Theories are growing that pushing warm season grasses too-hard into late dormancy whittles down their winter-reserves, leaving them depleted at the time of transition.
Keeping carbohydrate reserves at peak levels prior to transition through a good dormancy period, therefore allows the transition to happen at a faster rate than if these reserves were depleted.
Spring transition is characterised by new shoot production, root dieback, and new root production, making the grass susceptible to low temperatures, herbicides, fungal attack and competition from grass and broadleaf weeds.
Energy reserves are rapidly depleted during the spring green-up and root dieback period and during summer months, energy reserves accumulate very little since they are repeatedly used for regrowth following mowing.
It is worth considering that management practices – including delaying dormancy – can have a significant influence on the reserve energy status throughout the year of warm season grasses including Tahoma 31.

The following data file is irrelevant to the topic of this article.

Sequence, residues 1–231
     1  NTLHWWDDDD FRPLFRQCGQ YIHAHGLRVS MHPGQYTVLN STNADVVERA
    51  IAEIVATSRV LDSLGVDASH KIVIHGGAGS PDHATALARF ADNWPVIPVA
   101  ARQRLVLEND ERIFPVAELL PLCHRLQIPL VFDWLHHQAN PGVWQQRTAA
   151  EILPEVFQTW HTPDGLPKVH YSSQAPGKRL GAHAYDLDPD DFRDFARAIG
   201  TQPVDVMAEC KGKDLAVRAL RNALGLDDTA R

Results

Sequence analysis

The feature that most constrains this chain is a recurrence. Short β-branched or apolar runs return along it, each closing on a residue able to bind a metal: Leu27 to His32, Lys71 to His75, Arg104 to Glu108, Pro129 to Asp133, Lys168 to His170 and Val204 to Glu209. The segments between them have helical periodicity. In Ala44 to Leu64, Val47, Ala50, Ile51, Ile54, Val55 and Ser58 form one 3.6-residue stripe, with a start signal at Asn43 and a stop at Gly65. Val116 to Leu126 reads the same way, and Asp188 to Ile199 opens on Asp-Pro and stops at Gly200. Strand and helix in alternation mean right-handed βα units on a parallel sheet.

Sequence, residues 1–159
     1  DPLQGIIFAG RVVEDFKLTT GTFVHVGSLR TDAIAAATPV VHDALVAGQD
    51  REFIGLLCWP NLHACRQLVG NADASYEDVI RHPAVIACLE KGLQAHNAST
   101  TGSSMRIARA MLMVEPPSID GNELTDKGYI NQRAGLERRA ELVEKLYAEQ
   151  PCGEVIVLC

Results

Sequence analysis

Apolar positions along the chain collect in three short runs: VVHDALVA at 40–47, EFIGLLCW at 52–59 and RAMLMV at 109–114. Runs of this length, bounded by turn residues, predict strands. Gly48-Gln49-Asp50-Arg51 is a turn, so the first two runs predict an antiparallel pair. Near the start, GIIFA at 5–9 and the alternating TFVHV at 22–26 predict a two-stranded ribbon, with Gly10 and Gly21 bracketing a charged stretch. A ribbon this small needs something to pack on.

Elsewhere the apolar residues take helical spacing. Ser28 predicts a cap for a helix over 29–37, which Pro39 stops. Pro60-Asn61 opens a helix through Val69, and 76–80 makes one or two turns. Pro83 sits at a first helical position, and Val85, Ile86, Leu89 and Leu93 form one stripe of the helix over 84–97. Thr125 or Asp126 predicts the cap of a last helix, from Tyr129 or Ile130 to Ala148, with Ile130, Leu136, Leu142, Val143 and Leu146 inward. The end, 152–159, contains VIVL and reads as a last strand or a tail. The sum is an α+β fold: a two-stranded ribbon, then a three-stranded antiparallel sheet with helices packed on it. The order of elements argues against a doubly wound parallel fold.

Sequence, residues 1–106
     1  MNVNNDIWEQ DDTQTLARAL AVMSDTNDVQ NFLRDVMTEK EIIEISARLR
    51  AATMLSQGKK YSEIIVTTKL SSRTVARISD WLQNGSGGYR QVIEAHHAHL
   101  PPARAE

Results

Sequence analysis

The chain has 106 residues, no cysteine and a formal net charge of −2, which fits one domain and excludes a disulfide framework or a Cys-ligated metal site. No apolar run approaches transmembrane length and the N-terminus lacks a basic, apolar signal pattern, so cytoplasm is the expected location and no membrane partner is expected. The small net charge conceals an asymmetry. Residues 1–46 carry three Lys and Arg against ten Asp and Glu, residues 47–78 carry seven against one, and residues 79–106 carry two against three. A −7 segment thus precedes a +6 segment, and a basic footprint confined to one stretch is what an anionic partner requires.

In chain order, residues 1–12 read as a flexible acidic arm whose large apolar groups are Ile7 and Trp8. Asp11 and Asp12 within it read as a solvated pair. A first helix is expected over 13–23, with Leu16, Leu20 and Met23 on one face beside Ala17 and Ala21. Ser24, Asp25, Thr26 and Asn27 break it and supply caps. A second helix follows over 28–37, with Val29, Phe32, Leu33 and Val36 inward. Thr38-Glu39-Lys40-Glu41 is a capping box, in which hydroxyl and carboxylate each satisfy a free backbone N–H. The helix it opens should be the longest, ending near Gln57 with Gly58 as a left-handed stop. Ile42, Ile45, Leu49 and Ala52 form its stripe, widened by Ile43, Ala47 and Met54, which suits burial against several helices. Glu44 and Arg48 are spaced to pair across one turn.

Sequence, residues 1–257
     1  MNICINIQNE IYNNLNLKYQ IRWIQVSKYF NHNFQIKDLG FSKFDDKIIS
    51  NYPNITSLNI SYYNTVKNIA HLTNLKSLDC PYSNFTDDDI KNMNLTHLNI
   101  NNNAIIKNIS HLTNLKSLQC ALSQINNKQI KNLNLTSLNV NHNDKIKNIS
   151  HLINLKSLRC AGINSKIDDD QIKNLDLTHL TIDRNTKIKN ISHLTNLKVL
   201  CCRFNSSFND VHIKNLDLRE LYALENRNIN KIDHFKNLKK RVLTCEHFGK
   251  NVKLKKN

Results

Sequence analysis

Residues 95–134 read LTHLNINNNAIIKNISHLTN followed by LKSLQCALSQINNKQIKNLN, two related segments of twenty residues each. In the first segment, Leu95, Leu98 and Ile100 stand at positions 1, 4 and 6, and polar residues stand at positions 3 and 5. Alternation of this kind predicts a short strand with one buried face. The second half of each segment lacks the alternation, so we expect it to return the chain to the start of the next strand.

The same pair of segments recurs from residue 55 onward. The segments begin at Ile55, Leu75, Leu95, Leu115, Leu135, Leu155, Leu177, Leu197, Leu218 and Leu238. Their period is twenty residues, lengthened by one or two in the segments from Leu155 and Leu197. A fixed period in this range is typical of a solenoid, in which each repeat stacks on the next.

Factors Influencing Spring Transition and Recovery of Bermudagrass
Spring transition is a crucial period for bermudagrass turf like Tahoma 31, marked by green-up and recovery after dormancy.
This phase is also vulnerable to various environmental and cultural factors that can affect its health and growth.
Understanding these factors is essential for promoting successful spring recovery and following are some key components influencing recovery:
Green-up and recovery begin when nighttime temperatures stay above 14 Deg C for several days, along with soil temperatures reaching similar temps at 100mm depth. Spring transition is characterized by new shoot production, root dieback, and new root production, making the grass susceptible to low temperatures, herbicides and competition from Grass and broadleaf weeds.